Japan's National Team: 2010-14
Alberto Zaccheroni took over as the head coach of Japan's National Team at a time of great anticipation. The Samurai Blue had just completed their most successful Word Cup campaign ever, and though some of the players who had been central to its success under Takeshi Okada were nearing the end of their careers, there was a lot of young talent waiting in the wings. Zaccheroni had a reputation as a keen tactician with a willingness to try new things and consider new ideas. When he led the team to the Asian Cup title in early 2011, just months after taking the helm, it seemed to be a sign that the Samurai Blue was on its way to even greater successes.
When Zaccheroni stepped in front of the cameras in late June, 2014, to announce his resignation, those expectations had been so thoroughly shattered that only a handful of faithful fans bothered to even show up at Narita Airport to welcome him back from Brazil and say their farewells. Japan's winless exit from the 2014 World Cup was a letdown for those who only follow the team closely about once every four years. The hardcore supporters, however, were neither surprised not particularly distressed. Most were just happy to see the Zaccheroni era end, and a new one begin.
How could an era that began with so much promise end on such a gloomy and unmemorable note? It is always easy to point out problems in retrospect, but in this case, the mistakes and missed opportunities were apparent to anyone who looked closely. Even some of the players seemed to have expected the collapse. Immediately after the Colombia match, two of Japan's best players - Atsuto Uchida (26 years old at the time) and Yuto Nagatomo (27) - shocked fans by announcing their retirement from international play! Both would later recant, and return to the Samurai Blue squad, but their emotional "retirement" speeches were an obvious indication that players were under heavy pressure, and unhappy with the personal friction within the squad and the lack of a steady hand at the steering wheel.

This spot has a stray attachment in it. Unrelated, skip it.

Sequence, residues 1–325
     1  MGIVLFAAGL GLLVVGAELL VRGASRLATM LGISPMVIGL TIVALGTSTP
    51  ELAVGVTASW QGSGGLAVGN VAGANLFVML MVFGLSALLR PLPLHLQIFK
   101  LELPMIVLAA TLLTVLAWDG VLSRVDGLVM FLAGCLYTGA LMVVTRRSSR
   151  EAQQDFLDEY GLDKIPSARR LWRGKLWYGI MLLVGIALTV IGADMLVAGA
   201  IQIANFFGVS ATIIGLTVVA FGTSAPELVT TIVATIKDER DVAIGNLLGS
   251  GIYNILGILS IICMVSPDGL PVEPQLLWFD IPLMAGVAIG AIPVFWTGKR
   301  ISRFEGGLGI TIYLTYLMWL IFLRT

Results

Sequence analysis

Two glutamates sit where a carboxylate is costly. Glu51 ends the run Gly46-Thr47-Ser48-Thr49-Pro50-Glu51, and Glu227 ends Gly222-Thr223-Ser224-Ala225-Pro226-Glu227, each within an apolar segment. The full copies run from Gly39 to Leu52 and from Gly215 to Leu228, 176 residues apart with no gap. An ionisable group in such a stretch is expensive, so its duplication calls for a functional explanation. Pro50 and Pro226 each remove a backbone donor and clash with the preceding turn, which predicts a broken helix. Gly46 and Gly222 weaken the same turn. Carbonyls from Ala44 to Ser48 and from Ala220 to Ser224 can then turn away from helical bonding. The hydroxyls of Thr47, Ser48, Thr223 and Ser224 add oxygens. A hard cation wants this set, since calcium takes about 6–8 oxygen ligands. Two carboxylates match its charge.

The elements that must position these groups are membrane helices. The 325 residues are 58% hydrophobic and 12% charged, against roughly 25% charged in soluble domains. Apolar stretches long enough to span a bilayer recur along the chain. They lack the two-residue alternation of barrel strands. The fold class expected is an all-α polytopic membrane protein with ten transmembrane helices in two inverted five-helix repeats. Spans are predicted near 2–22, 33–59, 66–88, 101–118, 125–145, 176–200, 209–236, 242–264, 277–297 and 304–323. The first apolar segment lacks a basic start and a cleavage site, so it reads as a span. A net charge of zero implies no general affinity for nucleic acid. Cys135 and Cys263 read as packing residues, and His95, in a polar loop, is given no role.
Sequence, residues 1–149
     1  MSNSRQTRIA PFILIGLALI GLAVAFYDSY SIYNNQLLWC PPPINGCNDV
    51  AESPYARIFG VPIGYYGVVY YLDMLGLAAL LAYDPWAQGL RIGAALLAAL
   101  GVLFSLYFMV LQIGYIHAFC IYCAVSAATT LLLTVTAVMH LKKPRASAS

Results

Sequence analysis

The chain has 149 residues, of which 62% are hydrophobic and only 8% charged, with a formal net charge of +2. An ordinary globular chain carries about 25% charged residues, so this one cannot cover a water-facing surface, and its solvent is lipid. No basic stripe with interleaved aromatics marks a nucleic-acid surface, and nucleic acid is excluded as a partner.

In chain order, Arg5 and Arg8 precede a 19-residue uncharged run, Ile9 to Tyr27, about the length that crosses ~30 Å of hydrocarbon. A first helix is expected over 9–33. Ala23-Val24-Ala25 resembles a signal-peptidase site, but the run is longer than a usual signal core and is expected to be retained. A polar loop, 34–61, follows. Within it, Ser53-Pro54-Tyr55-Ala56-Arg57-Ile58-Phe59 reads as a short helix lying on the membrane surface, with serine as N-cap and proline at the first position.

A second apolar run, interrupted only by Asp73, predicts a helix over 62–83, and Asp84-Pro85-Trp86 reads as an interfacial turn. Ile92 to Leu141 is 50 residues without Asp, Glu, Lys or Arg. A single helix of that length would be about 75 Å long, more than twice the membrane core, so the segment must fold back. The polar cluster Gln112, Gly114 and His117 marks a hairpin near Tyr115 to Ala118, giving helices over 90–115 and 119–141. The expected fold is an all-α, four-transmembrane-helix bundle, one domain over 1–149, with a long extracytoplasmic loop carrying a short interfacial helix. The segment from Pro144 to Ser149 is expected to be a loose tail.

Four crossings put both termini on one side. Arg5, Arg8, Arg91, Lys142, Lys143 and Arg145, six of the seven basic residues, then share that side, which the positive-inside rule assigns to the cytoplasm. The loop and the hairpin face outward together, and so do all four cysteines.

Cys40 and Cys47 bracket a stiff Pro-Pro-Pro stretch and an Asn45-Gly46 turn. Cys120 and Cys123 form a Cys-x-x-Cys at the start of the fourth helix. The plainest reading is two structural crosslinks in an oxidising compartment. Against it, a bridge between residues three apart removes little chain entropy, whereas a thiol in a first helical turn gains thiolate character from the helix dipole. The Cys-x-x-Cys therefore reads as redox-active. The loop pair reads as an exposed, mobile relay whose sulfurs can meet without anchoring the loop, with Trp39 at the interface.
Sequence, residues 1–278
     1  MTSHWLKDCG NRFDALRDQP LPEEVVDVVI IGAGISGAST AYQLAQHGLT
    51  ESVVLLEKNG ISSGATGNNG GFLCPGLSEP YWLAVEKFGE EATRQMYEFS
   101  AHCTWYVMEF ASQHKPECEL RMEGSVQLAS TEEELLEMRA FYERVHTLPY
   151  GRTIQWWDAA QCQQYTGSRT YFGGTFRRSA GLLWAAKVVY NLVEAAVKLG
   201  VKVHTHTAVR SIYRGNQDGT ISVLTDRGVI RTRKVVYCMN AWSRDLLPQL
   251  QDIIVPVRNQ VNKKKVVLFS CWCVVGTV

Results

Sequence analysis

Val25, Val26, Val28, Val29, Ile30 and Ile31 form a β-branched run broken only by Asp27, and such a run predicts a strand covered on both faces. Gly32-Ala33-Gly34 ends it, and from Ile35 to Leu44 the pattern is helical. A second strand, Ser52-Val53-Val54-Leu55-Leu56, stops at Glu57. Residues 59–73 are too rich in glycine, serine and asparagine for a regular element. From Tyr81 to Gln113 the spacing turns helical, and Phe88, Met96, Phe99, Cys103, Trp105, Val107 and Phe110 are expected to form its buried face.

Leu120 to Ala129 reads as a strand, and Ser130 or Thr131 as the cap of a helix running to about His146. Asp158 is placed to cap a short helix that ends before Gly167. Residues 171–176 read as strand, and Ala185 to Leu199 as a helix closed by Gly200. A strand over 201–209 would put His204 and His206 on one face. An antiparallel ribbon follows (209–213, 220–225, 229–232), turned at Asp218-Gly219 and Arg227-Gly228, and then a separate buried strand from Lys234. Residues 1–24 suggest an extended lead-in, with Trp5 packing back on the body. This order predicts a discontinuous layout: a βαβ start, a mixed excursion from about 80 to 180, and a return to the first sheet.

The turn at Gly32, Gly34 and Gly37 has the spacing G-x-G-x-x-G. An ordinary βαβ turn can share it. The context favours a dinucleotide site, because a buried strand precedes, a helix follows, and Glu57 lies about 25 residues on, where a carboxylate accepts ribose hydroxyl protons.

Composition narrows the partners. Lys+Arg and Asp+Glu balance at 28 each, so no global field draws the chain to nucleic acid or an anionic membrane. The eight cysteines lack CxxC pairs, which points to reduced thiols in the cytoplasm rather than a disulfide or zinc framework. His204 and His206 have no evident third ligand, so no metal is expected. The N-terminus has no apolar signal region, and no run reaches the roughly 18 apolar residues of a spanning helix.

The problems that emerged under Zaccheroni were so obvious that the author of this history actually predicted the Samurai Blue's collapse more than 18 months before it happened. As noted in an article that appeared in ONE World Sports , during the World Cup, I felt a bit like Cassandra watching the Greeks sack and burn the city of Troy. Everything unfolded exactly as I had anticipated, and the only question was how Zaccheroni, his coaching staff, and the JFA could have ignored the obvious signs of doom? But then, self-deception has been a problem for Japan in the past. In fact, the problems that led to disaster in the 2014 World Cup seem endemic to the Japan national team. As Mark Twain once observed, "History may not repeat itself, but it does have a tendency to rhyme." Where the Samurai Blue are concerned, the rhyming pattern is more repetitive than 16-bar Mississippi Blues.